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​The Kulm Bank Caper: A 97-Year-Old Cold Case on the Prairie

HPR Abroad | January 7th, 2023

By Rick Schlecht

kathyja49@drtel.net

Who among us mystery buffs and sleuths are not familiar with the Hasbro board game, CLUE? Its host of unusual suspects contemplating a crime in some room within a mansion, with access to weapons of opportunity, was sure to push our brain pans to the extreme limit, digging for clues exposing the culprit.

However, real life is not a board game and not every crime can be solved. Some become a 'cold case file.' One such case in North Dakota turned 97 years old last July. It happened early Saturday morning around 1am on July 18th, 1925, in the town of Kulm.

Kulm Messenger publisher Vincent C. Lewis summed it up like this, "Saturday morning, July 18th, 1925, will be remembered by Kulm citizens as possibly the most thrilling and daring attempted robbery that has ever been recorded, when the First State Bank of Kulm was victimized."

His poignant summation was a representation of a much grander story of the exciting events to be splashed on the front page of the Kulm Messenger, under the heading, 'Kulm Bank Robbery,' on Thursday, July 23rd, 1925. According to the Kulm Centennial book, 1892-1992, with five robbers involved in the heist.

The five strangers arrived by car and parked on the outskirts of town, then hiked to the bank. Witnesses described the robbery as “well-planned,” and the actions of the robbers were “calm and precise.” Telegraph and telephone lines were cut beforehand. Two of the men broke into the bank through a window to blow the vault door with Nitroglycerine. The other men, armed to the teeth, remained outside to act as lookouts and guards.

The first explosion came at exactly 1:52 AM and violently jolted the sleeping townsfolk awake. Several more explosions resulted, but to no avail, before the residents were able to arm and organize themselves to engage the robbers.

In an instant, bullets were flying in all directions and the sleepy town of Kulm was a shooting gallery. By luck or divine intervention, no one was killed. By the time the 13th explosion was set off, the reinforced Die-Bold safe would not reveal its secrets, so the five disheartened robbers spirited themselves away as quietly and mysteriously as they had come.

During The Great Depression of the 1920s and 30s, the mere mention of the name "Robin Hood" in some parts of the country produced romantic images of flashy robber barons robbing banks in spectacular fashion, then fleeing the long arm of the law in powerfully built V-8 engine getaway cars, heroes to some, scoundrels to others. Nevertheless, these amazing crimes put some small towns on the map to be salaciously talked about for years to come.

Colorful names were passed around supper tables like a steaming plate of savory stuffed cabbage for the curious family to chew on. Names like John Dillinger, Pretty Boy Floyd, Baby Face Nelson and Bonnie and Clyde, to name a few, always whetted those appetites.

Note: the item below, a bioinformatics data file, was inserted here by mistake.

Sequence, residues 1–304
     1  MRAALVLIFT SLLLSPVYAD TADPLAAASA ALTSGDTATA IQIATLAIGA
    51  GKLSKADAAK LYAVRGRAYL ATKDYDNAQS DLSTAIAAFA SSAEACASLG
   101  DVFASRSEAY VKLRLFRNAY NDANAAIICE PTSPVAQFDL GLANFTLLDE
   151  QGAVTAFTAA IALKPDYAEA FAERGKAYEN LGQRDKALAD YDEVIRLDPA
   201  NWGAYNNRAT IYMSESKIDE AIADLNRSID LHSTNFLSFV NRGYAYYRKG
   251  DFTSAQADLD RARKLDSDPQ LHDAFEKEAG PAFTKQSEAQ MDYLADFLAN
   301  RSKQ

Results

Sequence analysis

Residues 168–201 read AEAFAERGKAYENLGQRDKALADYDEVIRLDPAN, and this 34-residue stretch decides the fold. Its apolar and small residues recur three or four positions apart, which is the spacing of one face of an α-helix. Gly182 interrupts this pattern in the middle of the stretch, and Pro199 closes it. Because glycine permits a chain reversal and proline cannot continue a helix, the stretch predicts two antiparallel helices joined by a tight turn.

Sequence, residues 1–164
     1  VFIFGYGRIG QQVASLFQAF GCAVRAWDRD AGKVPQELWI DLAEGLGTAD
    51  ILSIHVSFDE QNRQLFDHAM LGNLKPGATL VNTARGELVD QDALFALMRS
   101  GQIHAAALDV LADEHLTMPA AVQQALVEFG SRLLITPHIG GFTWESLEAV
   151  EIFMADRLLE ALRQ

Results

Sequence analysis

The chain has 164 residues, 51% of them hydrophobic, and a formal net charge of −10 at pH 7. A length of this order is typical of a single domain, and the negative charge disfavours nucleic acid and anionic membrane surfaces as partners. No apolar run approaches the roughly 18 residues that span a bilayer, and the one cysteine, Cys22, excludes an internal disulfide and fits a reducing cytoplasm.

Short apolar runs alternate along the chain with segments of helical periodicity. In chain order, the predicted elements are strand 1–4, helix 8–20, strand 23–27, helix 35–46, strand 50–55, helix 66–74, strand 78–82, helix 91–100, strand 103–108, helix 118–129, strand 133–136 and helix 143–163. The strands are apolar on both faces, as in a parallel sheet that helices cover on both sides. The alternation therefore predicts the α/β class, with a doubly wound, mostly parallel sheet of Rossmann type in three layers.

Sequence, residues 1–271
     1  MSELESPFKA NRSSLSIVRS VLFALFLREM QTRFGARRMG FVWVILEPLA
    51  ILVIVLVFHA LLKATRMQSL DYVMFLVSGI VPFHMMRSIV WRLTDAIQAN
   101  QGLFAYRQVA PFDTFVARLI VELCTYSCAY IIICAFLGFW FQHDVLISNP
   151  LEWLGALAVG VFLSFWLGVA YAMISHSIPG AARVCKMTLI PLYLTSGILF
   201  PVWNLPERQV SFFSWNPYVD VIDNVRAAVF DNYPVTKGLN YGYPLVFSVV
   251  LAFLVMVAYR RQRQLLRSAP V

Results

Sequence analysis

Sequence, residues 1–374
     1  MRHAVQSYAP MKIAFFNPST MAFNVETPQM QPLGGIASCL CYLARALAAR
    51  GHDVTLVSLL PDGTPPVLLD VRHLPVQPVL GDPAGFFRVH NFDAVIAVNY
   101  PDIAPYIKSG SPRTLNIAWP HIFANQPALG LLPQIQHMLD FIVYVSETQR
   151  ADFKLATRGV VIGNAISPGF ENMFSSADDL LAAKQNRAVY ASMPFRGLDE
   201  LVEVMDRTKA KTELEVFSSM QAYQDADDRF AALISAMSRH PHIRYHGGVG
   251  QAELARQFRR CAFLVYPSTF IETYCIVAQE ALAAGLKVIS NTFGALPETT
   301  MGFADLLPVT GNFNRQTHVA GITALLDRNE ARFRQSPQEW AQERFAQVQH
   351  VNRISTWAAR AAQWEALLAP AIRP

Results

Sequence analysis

However, these particular bandits did not get their start in bank robbery until the early 1930's. They couldn't possibly be responsible for earlier robberies, like the one at the First State Bank of Kulm, on July 18th, 1925, so, who was?

According to eyewitness accounts, five strangers walked into town. They were organized and well-prepared, courteous and composed under pressure. Their operation was well-planned. It's possible these men were familiar with Kulm's lights out policy for all city streets at midnight. It's possible these men were familiar with the interior of the bank. And finally, it is possible these men had prior knowledge of the location of grain bin doors outside, to use as a fortification with a sharpshooter inside to deter townsfolk.

This type of planning requires reconnaissance. Recon is something this writer humbly knows a little bit about...so who would go through all this trouble?!

Well, one name comes to this writer's mind, Herman "The Baron" Lamm. Mr. Lamm was a Prussian soldier who was kicked out of the Army for cheating at cards. Disgraced, Mr. Lamm left Prussia for America before the start of WWI. A vagrant and small-time thief after WWI's end, he managed to work his way up to larger robberies. Later he would often recruit men from the infamous Birger gang, who ran bootlegging operations out of Illinois. With associates W.H. Hunter, James "Oklahoma Jack" Clark, G.W. "Dad" Landy, and Walter Dietrich under his tutelage, this crew victimized a dozen Midwest states until 1930, North Dakota being one.

Mr. Lamm believed a heist required all the planning of a military operation. He would assign each man a specific job and train him. Jobs such as, "vault man," "lobby man," "driver" and "guard." His system became known as, "The Lamm Technique."

On December 16th, 1930, Lamm, Hunter and Landy died in a shootout with 200 officers outside Sidell, Indiana. Bandits Clark and Dietrich survived the firefight. They were sent to prison in Indiana, and, once there, met John Dillinger. Mr. Dillinger was taught The Lamm Technique, and the bank robbery industry from that day forward was forever changed.

The technique netted the Lamm gang over $1 million dollars during their spree. Today, some of Lamm's heists remain unsolved. That old building, the First State Bank of Kulm, knows their identities, but remains silent as the grave. This would never happen in the game of CLUE.

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